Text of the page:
Growth Trends for Related Jobs
Thanks to the availability of international television broadcasts, soccer -- , called football in most of the world -- has become as popular in the United States as it is around the globe. The 2014 World Cup match broke a record with 16 million TV viewers for the U.S. game against Belgium. For lovers of the sport, jobs in the industry are coveted and may include playing for a professional team, coaching a team, scouting for talent or taking care of the books.
Professional soccer players typically begin as children in youth soccer leagues and continued playing through school and municipal leagues. As you develop your skills, your chances of getting spotted by a professional league scout grow. Increase your chances by getting accepted into a soccer training school, such as LaMaisa in Barcelona, or into a U.S. soccer school launched by Major League Soccer. Join teams that play in tournaments, or play soccer in college. Scouts attend games at schools and tournaments to look for players who not only have excellent ball-handling skills, but also a strong, positive attitude to support the team. Competition is keen. According to "Business Insider," only .04 percent of high school soccer players make the pros, and about 1 percent of college players go on to play professional soccer.
Work in Administration
The Major Soccer League, or MLS, hires communications and financial professionals, lawyers, technical developers and administrative managers in its New York City headquarters. In addition, local clubs in major cities rely on employees to run their operations. Find a list of postings for the main office and local clubs on the main MLS website. Clubs hire special projects managers with graduate business degrees and extensive experience in management. They look for communications professionals with a bachelor’s degree in marketing and a passion for soccer; CPAs with accounting degrees; and IT specialists to help manage networks. Lawyers are hired to draft contracts, and salespeople with a sports background in sales are recruited to sell season ticket packages.
Coach Soccer Players
Many professional coaches come from the ranks of professional soccer players. You’ll need to know the laws of the game, how to manage players and ball-handling skills. To work as a coach in a school, you’ll need a teaching certificate and a bachelor’s or master’s degree in coaching. Earn a master’s degree in recreation and sports science with a focus on soccer from a major university, such as the program offered at Ohio State University. The National Soccer Coaches Association of America, or NSCAA, offers coaching workshops and courses, networking opportunities, job listings and mentorship for budding soccer coaches. Find positions for all levels of coaching on the jobs page at the NSCAA website.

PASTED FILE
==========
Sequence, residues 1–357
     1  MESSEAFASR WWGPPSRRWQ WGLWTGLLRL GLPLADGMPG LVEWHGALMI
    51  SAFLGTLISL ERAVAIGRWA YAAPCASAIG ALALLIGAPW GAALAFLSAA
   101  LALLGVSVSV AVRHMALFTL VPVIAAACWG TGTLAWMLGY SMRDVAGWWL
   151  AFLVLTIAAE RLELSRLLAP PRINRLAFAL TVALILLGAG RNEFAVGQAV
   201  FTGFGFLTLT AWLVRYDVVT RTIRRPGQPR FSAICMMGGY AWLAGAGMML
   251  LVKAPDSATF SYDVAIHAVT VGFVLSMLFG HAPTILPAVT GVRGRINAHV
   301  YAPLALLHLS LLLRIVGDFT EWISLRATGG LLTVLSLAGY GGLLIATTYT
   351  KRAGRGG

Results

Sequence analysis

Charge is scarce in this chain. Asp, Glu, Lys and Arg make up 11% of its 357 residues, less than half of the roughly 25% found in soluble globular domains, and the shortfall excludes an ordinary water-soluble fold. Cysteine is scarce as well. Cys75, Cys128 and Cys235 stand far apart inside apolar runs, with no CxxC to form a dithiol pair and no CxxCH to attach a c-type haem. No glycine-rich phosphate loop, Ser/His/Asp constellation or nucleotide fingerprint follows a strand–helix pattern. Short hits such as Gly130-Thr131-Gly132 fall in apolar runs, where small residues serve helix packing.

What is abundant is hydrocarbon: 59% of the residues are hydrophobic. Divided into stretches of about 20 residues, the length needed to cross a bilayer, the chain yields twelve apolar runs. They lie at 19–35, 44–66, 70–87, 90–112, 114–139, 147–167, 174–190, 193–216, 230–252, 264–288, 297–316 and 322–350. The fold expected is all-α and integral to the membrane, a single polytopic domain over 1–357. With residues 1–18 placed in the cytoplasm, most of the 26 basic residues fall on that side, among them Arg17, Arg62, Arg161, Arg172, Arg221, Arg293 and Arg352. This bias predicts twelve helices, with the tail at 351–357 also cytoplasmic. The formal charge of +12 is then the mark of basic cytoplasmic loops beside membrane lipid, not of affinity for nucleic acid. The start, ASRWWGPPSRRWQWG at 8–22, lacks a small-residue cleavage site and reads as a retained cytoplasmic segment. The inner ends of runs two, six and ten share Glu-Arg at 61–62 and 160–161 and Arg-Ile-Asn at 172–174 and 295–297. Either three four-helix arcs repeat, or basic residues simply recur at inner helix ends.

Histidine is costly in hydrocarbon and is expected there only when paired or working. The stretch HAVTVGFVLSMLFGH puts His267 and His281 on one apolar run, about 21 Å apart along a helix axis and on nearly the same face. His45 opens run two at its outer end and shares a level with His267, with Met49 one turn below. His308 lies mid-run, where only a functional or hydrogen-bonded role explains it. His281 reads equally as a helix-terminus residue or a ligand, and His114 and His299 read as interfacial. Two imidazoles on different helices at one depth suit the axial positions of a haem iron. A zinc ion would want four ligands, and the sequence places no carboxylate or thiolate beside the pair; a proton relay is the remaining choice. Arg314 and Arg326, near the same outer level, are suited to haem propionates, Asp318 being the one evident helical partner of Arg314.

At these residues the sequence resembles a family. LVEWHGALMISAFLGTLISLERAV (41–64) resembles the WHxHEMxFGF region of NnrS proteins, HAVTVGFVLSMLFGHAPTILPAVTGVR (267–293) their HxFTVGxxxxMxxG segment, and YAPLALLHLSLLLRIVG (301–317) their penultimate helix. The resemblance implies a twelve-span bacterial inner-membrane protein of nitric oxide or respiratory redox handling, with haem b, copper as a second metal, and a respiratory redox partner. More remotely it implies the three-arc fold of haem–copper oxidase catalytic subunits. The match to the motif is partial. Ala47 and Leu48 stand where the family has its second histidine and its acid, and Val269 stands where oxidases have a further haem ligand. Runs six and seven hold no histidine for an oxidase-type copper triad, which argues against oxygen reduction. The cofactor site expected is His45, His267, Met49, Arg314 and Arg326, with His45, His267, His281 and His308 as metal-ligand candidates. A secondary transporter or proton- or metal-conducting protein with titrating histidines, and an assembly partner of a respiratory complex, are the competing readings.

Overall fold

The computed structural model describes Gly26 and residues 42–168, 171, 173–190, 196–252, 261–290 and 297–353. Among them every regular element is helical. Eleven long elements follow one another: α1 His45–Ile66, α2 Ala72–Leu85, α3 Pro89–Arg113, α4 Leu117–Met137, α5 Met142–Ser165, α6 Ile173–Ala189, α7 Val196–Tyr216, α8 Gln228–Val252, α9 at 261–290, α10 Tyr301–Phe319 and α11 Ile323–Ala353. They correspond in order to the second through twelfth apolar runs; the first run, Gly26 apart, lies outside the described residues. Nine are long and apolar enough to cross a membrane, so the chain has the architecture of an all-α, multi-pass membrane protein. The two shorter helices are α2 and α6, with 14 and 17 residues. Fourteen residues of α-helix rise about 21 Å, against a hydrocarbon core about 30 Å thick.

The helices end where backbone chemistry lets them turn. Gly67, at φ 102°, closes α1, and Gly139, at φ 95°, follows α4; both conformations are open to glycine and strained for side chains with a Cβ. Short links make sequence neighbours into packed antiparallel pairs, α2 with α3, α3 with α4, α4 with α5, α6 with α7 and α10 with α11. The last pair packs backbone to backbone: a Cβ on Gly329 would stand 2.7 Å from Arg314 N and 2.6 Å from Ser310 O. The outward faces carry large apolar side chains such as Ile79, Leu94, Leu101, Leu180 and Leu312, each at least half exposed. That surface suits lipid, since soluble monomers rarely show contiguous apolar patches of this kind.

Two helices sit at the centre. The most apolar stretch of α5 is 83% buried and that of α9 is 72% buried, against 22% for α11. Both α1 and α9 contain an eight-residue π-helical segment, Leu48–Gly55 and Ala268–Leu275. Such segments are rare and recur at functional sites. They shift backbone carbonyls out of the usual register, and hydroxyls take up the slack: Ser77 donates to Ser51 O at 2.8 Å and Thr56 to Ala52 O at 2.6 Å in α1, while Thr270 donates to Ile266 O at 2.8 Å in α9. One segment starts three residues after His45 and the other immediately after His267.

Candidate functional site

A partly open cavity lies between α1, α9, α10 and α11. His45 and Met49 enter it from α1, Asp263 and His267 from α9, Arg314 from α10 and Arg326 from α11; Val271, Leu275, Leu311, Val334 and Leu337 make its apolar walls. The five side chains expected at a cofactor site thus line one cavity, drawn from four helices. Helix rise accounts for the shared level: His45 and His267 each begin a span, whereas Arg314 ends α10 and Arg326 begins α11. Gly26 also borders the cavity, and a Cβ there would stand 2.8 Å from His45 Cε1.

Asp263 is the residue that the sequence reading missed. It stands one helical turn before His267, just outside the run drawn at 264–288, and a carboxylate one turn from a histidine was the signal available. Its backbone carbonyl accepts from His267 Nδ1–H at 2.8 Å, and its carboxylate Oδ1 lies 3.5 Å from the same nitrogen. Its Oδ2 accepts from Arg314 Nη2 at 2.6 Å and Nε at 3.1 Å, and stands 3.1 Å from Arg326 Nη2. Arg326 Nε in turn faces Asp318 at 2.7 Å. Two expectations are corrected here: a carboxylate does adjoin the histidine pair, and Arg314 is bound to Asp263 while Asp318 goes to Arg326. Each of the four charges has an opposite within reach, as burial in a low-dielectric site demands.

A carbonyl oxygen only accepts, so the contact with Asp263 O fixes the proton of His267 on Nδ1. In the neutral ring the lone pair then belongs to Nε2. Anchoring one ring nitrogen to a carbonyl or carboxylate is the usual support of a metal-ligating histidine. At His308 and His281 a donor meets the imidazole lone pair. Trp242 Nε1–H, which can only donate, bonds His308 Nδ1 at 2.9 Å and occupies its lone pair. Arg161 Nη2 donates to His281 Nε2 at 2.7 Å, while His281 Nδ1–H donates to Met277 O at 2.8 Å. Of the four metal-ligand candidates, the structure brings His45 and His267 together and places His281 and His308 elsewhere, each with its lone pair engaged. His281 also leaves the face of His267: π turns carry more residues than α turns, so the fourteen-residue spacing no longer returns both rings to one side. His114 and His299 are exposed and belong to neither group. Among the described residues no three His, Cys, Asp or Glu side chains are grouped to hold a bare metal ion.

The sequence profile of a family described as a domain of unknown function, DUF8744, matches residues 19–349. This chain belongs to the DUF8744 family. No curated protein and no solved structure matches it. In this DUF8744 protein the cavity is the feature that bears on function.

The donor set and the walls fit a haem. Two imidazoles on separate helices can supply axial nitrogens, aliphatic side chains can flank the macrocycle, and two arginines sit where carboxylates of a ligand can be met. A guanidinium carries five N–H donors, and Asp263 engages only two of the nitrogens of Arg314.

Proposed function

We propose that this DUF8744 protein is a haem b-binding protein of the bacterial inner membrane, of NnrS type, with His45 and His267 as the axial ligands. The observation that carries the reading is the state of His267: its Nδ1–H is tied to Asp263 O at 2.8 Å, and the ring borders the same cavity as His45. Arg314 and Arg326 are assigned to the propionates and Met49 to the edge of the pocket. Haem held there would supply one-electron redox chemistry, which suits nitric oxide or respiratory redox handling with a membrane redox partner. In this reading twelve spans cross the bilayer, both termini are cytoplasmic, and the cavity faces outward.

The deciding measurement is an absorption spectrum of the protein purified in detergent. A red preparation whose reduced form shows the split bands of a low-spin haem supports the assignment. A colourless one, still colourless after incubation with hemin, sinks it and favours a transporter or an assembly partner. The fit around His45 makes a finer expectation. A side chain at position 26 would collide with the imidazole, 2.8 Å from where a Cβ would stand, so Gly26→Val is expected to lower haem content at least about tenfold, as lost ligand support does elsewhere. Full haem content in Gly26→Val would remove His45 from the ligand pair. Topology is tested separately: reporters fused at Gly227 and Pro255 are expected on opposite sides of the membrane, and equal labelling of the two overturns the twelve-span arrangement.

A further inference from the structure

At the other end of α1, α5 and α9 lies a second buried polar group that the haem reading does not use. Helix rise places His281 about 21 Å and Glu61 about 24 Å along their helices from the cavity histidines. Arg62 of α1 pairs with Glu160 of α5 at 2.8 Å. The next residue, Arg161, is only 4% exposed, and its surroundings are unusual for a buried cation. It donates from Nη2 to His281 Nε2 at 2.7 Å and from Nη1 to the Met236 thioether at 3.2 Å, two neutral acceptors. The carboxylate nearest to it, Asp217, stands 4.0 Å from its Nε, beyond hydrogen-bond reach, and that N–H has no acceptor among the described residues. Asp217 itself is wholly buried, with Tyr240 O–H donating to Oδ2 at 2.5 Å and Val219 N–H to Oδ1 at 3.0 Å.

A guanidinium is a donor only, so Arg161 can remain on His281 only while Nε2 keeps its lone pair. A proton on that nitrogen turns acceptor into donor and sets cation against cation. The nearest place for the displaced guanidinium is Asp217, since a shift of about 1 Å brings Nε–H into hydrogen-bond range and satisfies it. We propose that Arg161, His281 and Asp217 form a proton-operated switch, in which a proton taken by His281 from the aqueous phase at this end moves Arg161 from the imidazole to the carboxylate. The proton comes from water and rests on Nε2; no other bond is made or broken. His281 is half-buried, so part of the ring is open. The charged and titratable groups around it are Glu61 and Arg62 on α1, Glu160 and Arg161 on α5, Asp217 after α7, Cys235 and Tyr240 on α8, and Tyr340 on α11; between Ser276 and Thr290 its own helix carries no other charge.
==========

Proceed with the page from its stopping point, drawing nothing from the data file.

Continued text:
Scout or Manage
Agents and scouts play important roles in professional soccer. Agents find jobs for promising players, while scouts watch for players to sign for their teams. Agents and scouts travel extensively and watch players in action -- often for years -- before offering them a position. Many start small with local, regional teams and grow their reputation before earning a professional license. Agents are licensed through the Fédération Internationale de Football Association, better known as FIFA, in Zurich, Switzerland. Study for and take the examination to become an agent. Take soccer business management or soccer operations and scouting courses to land a job as a scout with clubs in the MLS or FIFA.
Linda Ray is an award-winning journalist with more than 20 years reporting experience. She's covered business for newspapers and magazines, including the "Greenville News," "Success Magazine" and "American City Business Journals." Ray holds a journalism degree and teaches writing, career development and an FDIC course called "Money Smart."